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Calculating Pot Odds


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Calculating Pot Odds in Poker 

When you’re playing poker you’re bound to come across critical moments where you have a straight or flush draw (or both) and you’ve been raised by your opponent.  The most important factor when making a difficult decision here is reflecting on the mathematic formula of calculating pot odds. 

Calculating pot odds includes taking into account your hand odds (“outs“) with the pot odds your getting.  If your pot odds are better, you’re receiving good profit for your play in the form of an overlay.  For example, if you’re getting 5 to 1 pot odds on a 10 to 1 draw, you’re receiving very bad odds.  On the other hand, if you’re getting 5 to 1 pot odds on a 2 to 1 draw  it’s a very good profitable situation.  You’re getting a very good spread and will make money on these calls in the long run.  If you’re getting 5 to 1 pot odds for a $50 pot and it only costs $5 to enter you’ll only have to win 1 in 10 to break even (there is positive overlay or EV). 

Calculating Pot Odds in Poker 

Let’s imagine we’re sitting at a $0.25/$0.5 cash table, facing a decision whether to enter a pot offering 11 to 1 pot odds, and 4 to 1 hand odds.  In other words, there is a pot worth $100, with a price to enter of $10 (bringing the total pot to $110 – giving you 11 to 1 pot odds).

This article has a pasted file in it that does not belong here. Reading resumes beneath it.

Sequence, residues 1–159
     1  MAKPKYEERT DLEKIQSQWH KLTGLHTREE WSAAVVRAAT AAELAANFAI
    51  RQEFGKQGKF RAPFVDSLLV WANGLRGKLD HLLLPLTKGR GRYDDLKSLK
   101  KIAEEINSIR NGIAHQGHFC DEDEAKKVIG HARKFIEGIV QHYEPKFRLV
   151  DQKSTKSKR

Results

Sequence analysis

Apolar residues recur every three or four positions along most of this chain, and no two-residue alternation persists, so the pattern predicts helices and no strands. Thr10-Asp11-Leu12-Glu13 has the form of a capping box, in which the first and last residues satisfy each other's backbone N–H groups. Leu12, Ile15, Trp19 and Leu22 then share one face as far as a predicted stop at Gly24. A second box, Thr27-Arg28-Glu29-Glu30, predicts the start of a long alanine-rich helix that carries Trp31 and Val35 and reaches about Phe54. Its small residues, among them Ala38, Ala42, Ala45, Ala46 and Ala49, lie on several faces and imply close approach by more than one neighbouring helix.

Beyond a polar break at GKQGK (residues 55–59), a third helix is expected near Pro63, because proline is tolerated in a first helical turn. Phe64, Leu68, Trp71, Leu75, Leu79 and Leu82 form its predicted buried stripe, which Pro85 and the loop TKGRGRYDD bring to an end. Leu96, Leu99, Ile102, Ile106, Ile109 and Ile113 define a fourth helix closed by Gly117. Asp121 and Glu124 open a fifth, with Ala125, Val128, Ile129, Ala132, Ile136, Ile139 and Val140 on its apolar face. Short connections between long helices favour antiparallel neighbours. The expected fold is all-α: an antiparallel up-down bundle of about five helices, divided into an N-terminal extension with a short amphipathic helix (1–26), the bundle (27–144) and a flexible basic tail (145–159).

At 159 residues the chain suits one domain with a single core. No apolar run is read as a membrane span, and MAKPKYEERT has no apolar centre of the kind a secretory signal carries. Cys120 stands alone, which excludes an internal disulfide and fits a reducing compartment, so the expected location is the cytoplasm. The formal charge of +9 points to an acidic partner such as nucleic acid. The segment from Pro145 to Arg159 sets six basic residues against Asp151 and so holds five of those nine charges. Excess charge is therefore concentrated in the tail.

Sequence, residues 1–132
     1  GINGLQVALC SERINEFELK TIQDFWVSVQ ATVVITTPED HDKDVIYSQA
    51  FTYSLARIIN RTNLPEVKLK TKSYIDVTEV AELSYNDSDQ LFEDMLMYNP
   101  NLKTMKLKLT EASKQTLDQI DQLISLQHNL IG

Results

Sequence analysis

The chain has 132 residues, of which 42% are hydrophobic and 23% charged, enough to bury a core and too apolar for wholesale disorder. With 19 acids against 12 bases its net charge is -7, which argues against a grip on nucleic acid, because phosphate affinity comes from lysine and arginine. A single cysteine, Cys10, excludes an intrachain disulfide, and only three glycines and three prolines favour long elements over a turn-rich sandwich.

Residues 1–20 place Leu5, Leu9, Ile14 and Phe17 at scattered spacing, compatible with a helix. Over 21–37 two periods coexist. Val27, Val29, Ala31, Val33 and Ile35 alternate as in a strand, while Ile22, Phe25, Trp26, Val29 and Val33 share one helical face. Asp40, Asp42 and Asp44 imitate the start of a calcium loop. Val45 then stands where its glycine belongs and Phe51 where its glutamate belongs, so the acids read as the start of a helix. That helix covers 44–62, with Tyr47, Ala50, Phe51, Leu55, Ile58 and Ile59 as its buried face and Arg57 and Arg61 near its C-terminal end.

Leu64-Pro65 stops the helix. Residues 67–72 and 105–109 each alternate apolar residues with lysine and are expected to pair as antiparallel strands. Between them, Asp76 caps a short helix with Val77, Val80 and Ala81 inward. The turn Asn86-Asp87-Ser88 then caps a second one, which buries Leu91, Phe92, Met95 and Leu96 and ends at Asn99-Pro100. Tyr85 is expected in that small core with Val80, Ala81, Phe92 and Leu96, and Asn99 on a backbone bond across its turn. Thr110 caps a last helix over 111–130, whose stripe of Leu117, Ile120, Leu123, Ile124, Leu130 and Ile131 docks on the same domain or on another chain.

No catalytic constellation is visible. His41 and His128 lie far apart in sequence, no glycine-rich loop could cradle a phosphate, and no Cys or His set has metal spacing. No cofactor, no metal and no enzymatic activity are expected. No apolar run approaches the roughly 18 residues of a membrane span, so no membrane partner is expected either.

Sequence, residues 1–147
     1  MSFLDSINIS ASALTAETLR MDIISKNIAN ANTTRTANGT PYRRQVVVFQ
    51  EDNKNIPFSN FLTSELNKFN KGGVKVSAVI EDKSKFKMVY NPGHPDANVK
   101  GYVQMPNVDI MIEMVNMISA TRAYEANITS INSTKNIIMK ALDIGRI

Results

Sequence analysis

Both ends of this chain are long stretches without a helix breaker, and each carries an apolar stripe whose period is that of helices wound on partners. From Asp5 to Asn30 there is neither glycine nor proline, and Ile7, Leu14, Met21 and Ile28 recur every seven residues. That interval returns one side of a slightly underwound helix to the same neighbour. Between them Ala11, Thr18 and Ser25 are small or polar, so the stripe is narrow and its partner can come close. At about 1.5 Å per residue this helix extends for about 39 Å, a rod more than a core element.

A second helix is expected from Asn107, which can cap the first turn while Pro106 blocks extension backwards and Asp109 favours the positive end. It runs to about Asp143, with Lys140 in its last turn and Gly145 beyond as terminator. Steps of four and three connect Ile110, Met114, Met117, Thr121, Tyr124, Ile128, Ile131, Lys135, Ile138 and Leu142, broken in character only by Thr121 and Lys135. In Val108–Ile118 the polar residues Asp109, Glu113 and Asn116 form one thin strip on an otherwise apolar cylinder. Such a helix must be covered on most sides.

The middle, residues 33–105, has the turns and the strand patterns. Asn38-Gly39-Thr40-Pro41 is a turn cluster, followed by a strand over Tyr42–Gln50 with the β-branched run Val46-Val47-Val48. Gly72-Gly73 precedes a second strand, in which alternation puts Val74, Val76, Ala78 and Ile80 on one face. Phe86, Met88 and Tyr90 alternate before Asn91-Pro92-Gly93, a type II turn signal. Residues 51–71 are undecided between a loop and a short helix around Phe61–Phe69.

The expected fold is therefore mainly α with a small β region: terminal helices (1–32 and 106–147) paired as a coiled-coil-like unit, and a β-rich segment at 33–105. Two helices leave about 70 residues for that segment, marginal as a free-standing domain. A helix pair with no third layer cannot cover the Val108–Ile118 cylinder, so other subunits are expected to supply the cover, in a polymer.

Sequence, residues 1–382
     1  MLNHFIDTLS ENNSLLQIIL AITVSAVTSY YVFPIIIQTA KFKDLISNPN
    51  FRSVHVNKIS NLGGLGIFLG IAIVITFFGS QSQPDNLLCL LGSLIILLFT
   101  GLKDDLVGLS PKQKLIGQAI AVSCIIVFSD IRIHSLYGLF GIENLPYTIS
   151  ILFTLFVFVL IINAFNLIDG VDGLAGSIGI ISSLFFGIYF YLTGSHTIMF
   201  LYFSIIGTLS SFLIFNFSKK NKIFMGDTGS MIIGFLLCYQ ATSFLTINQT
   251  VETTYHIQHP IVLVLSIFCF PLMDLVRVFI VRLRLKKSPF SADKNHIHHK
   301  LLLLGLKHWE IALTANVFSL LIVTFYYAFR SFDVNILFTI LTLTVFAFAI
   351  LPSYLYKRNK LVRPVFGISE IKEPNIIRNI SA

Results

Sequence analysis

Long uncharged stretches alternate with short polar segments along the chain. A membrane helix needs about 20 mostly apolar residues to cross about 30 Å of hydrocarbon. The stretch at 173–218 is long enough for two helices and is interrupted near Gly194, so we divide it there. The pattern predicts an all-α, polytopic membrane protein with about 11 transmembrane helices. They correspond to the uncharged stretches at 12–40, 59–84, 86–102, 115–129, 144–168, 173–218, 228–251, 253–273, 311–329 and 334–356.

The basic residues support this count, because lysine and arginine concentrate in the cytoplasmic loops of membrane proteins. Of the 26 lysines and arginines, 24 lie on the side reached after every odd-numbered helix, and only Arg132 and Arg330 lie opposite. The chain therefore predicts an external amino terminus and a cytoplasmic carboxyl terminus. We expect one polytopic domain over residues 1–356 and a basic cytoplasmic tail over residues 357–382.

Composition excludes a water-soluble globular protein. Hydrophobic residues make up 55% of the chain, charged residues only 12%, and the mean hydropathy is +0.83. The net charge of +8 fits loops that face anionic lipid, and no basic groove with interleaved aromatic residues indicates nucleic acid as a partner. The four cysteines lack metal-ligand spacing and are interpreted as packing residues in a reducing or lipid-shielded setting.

When you’re getting such good odds the mathematics of poker explain you only need to win once in twelve to break even.  Anything more than this is ‘overlay’ or positive EV – the very thing profitable players are looking for.  If we further dwelve into the mathematics of this poker hand, we calculate you’re likely to win this type of hand once every five times (4 to 1) i.e. we’ll lose $10 on four attempts but win $110 on one attempt.  Using the formula for EV, we calculate on average you’ll make $12 average each time you call a pot in this position. 

Pot Odds in Poker – Counting Outs or Hand Odds 

It’s all fun and easy knowing what pot odds are, but how to we find them for our specific hand and calculate exactly what our hand odds are? 

The answer to this if finding out the exact number of ‘outs’ for your hand.  This is called ‘counting outs’ and allows you to work out how many cards there are to complete your drawing hand, so you can calculate your odds of getting it on the turn or river and winning the pot.  A quick tip for how to count outs in poker is to work out how many cards left in the pack, multiply this by two, then add one.  This gives you your percentage or probability of completing a drawing hand.  For example let’s say there are 4 specific cards left in the pack that I need to come up to win the hand.  If you multiply this by 2 and add 1, then we get 9%.  That is, there is roughly a 9% chance we’ll win the hand – and that is the hand odds we use to calculate the pot odds.


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